by Anthony Brown & Keffrelyn Brown — 2015
Drawing from the theories of racial formation theory and race marking, this chapter explores the durability of racial discourses in school curriculum over time in the United States. The authors’ inquiry focuses on racial discourses located in two sources of curricula knowledge: children’s literature and U.S. history textbooks.

by Janelle Scott — 2015
This chapter examines the charter school policy and planning network and how this network is helping to grow urban charter schools and related advocacy organizations across the United States.

by Rema Reynolds — 2015
In light of the current mainstream contention that the United States has entered a post-racial epoch with the election of the first African American president, this work posits that post-racial rhetoric obfuscates the continued racialized experiences of Black families regardless of class status.

by Adrienne Dixson — 2015
This chapter provides a critique of the post-racial discourse that emerged after the election of President Barack Obama as the first African American president of the United States. Using personal narrative, I extend this critique of the post-racial within the context of a multicultural education graduate program.

by Jamel Donnor — 2015
Using Howard Winant’s racial dualism theory, this chapter explains how race was discursively operationalized in the recent U.S. Supreme Court higher education antiracial diversity case Fisher v. University of Texas at Austin.

by Muhammad Khalifa & Felecia Briscoe — 2015
The purpose of this autoethnography was to examine how school district-level administrators respond to investigations and findings of racism in their districts.

by Anthony Peguero & Jennifer Bondy — 2015
This study utilizes data from the Education Longitudinal Study of 2002 and incorporates multilevel analysis to examine how students in immigrant families perceive justice, fairness, and order at their school.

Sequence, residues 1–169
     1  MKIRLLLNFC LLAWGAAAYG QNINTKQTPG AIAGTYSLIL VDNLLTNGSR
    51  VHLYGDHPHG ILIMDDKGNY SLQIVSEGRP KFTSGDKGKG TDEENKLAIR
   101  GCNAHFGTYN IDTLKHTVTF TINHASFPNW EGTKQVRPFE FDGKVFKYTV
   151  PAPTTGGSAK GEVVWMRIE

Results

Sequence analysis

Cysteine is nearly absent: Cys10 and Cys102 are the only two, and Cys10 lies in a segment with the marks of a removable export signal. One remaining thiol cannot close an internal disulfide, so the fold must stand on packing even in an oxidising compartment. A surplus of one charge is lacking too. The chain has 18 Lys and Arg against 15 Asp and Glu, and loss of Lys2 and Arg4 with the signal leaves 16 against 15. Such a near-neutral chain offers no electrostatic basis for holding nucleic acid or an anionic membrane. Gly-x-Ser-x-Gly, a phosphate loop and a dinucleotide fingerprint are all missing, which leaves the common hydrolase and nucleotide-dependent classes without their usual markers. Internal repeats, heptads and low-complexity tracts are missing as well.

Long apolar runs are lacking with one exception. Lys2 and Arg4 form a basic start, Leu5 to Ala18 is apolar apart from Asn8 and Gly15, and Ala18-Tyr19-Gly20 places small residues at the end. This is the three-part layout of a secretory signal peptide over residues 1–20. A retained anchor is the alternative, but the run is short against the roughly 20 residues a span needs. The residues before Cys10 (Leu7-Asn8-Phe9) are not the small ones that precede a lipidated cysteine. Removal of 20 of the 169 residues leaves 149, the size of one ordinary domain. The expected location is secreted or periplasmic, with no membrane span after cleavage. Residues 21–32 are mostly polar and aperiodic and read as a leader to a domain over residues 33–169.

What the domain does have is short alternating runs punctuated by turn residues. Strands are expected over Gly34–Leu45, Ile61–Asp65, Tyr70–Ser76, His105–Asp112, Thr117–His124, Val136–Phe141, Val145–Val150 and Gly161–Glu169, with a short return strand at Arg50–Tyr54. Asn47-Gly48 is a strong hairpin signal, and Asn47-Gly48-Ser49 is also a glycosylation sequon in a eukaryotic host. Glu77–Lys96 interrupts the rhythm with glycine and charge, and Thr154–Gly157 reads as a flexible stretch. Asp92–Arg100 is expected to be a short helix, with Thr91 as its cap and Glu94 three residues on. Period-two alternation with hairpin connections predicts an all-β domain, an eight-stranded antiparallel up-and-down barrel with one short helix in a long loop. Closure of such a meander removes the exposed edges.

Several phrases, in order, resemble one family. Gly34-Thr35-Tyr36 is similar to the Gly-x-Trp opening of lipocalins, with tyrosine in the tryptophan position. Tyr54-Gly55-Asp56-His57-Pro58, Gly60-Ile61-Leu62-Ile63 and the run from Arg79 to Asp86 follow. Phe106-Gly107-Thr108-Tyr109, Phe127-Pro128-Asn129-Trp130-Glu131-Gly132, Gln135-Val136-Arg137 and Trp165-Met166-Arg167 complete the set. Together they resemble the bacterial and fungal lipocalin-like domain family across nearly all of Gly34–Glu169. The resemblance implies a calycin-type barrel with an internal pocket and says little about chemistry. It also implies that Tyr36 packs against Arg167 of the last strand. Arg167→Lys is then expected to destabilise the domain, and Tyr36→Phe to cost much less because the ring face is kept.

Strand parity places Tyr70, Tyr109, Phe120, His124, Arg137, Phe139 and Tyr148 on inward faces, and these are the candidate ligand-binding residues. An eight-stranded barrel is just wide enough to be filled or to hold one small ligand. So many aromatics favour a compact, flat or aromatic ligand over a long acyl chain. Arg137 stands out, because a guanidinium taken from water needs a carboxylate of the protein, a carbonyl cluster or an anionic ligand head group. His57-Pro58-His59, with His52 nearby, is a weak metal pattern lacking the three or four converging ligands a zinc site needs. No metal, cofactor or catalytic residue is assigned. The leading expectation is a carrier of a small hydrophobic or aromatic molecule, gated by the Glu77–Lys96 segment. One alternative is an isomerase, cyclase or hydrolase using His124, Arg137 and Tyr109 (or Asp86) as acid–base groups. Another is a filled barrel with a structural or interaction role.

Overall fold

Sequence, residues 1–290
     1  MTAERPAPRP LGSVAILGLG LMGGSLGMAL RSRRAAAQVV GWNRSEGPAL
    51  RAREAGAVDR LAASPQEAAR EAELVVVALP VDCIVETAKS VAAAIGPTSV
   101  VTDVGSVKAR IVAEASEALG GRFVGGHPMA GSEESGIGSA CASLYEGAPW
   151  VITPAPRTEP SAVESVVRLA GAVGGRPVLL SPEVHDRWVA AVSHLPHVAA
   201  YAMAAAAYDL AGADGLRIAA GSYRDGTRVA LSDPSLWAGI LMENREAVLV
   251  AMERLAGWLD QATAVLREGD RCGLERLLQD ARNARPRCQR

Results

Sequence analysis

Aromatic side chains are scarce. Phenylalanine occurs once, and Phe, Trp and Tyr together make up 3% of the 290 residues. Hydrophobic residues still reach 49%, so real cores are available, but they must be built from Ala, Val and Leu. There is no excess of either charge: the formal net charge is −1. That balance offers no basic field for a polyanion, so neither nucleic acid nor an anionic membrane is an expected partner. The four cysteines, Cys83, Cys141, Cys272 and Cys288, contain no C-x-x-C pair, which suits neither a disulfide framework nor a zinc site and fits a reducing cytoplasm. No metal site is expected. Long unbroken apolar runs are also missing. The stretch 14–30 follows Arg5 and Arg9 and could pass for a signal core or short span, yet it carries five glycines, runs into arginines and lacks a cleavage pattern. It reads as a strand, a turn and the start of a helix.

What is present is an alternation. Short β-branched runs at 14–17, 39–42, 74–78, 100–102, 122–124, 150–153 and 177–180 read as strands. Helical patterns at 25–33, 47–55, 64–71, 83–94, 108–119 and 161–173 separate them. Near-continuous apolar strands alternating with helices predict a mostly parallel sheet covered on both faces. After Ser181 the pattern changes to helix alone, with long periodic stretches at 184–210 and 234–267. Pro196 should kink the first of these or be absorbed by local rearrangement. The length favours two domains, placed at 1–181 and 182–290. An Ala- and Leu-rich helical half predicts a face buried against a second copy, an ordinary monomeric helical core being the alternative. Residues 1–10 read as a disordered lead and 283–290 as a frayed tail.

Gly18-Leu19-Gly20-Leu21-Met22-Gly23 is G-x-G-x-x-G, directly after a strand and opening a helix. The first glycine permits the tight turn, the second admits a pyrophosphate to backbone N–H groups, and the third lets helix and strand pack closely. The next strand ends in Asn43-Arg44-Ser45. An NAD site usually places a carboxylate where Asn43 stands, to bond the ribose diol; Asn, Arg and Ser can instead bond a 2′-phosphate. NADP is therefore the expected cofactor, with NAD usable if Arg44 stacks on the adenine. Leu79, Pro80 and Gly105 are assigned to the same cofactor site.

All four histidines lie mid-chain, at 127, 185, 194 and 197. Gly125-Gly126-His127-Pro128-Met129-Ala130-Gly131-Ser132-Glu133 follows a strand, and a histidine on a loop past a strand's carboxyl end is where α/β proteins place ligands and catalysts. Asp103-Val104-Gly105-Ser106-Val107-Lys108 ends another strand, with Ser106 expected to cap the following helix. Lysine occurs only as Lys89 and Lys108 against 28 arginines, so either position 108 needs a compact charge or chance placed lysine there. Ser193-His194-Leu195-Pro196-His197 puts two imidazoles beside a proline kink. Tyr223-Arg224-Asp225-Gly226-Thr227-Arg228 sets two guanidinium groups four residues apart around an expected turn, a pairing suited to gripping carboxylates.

by Thai-Huy Nguyen & Marybeth Gasman — 2015
This is a historical study of the formation and role of the Vietnamese student organizations at the University of California, Irvine from 1980 to 1990.

by Guadalupe Martinez & Regina Deil-Amen — 2015
This qualitative study explores the relevance of high school messages and curricular placement on the transition of Latino students into a university, particularly as they consider the meaning of the challenges they face in their first year of college.

by Meredith Richards & Kori Stroub — 2014
This study examines the effects of metropolitan school district fragmentation―the proliferation of public school districts within a metropolitan area―on the trajectory of racial/ethnic school segregation between 2002 and 2010.

by Elizabeth Minor — 2014
Teachers' perceptions of students' academic ability vary significantly by the race of the student. This study examines how students' test scores and teacher reports of students' social and behavioral skills explain black-white differences in teacher perceptions of students' academic ability. Using teacher fixed-effects models and the ECLS-K data from the fall and spring of kindergarten, this study finds that racial differences in teachers perceptions of students' academic ability are mostly explained by test scores, teacher reports of students' social and behavioral skills, and teachers' perceptions of academic ability from the beginning of the year. Behaving well at the beginning of the school year is especially important for teacher perceptions of black students' academic ability.

by Nicholas Bowman & Dafina-Lazarus Stewart — 2014
This article explores the extent to which students’ precollege exposure to racial/ethnic difference within schools, neighborhoods, and friendship groups predicts their complex racial attitudes upon entering college.

by Natalia Panina-Beard — 2014
This chapter presents an overview of Aboriginal education in Canada that focuses on linking the transgenerational effects of colonialism with current issues. Educational models, partnerships, and programs already exist that make an enormous impact on outcomes for children and youth in and from Aboriginal communities. Examples of six successful programs that were developed in partnership with Aboriginal communities and range from elementary school through post-secondary school are highlighted.

by Stephen Quaye — 2014